I’ve long held an attraction to Norse mythology. Part of this lies with the fact that I’m one quarter Norwegian (though considering how widespread Norse incursions were, even my English blood very likely has nordic genetics added to the brew). Mostly it has to do with the fact that Norse Gods aren’t hedonistic fools who exaggerate the worse qualities of humanity, but instead are tragic figures who struggle to keep the end of the world from coming about (ie, Ragnarok). This does tend to make the Nordic myths a bit depressing, but in the same vein they’re a bit more heroic in stature as well.
Brat-halla does a remarkable job of humanizing the Norse Gods by taking a fun (and often silly) glance at the Norse Gods as children… and of Odin and Frigg as the parents of their wayward brood. Considering that Frigg had five children from Odin (not including Thor or other children he had during extramarital affairs), and you’ve a sizeable family. Add in a youthful Loki (seems our favorite trickster spirit ate an apple pie that de-aged him to infant) and you’ve a houseful of young headstrong deities that are an absolute delight to watch in action.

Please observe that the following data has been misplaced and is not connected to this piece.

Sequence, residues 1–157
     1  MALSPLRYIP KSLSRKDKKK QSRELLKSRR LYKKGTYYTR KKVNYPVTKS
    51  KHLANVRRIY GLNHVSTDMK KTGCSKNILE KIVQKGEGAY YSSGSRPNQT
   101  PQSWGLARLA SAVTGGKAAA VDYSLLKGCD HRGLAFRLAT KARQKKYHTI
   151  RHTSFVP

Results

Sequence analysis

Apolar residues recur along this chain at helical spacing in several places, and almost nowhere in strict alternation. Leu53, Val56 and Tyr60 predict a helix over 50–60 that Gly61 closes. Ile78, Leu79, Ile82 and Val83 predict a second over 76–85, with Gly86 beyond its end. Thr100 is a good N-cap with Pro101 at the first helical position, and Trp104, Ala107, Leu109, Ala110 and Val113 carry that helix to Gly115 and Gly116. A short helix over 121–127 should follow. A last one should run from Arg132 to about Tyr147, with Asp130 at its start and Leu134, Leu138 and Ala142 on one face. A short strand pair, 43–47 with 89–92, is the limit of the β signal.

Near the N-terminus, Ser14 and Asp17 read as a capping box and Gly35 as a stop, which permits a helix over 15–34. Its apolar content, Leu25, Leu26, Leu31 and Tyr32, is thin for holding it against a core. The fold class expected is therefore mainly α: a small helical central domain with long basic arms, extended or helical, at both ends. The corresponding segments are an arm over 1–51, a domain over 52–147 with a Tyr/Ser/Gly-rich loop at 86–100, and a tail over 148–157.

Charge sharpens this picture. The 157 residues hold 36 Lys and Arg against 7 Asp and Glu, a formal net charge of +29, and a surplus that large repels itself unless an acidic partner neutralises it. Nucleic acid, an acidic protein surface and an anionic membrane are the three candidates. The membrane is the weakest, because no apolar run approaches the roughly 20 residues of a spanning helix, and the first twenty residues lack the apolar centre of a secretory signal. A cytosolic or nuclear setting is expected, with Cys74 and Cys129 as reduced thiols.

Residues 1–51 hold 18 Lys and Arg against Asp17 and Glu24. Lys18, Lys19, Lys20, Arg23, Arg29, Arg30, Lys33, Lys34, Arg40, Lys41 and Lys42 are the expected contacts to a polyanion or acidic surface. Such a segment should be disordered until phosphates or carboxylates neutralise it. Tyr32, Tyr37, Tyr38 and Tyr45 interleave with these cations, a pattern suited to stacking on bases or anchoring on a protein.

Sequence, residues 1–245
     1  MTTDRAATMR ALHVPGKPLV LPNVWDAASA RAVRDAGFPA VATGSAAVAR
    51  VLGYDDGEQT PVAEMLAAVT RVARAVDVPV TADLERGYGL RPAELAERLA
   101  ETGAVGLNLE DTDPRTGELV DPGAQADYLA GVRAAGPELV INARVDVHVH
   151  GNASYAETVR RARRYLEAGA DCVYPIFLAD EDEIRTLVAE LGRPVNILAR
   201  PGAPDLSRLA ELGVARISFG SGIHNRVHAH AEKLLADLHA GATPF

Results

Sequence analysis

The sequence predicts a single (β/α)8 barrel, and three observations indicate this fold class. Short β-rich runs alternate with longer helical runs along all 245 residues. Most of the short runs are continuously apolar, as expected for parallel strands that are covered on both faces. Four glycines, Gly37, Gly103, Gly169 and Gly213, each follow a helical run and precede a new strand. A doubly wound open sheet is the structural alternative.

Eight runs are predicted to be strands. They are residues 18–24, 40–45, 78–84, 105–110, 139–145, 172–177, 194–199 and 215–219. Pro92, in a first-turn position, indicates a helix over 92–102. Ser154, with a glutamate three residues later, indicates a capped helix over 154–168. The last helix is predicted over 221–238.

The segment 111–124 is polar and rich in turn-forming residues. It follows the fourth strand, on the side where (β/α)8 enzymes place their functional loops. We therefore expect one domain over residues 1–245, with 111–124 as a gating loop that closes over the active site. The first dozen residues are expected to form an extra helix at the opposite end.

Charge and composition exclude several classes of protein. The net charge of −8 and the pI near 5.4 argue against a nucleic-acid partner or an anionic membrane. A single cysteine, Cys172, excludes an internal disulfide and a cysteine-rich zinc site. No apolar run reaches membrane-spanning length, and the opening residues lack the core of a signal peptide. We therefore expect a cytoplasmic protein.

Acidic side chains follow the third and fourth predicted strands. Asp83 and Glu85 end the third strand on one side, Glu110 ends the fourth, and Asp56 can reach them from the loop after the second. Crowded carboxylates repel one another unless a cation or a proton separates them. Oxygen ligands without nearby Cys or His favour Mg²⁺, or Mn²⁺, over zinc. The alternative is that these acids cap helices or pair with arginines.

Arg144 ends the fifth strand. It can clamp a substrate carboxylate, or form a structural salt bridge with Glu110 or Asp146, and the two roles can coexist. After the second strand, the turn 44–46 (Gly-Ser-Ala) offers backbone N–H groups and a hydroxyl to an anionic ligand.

The comic’s a mixture of one-shot strips and short story-arcs, though the stories are loosely connected. Perhaps the longest story-arc can be found with the rather humorous story of Odin’s left eye (the one Odin tossed into the Well of Knowledge to find out how to keep his infant son quiet), who takes considerable offense at being tossed aside and starts various Machiavellian plots to gain his vengeance against an ever-increasing list of people who annoy the eyeball. That aside, it’s the stories of familial hijinks that truly endeared Brat-halla to me, with a mixture of modern society and ancient myths to truly give these young gods a human touch, and make this a comic well worth reading from the beginning.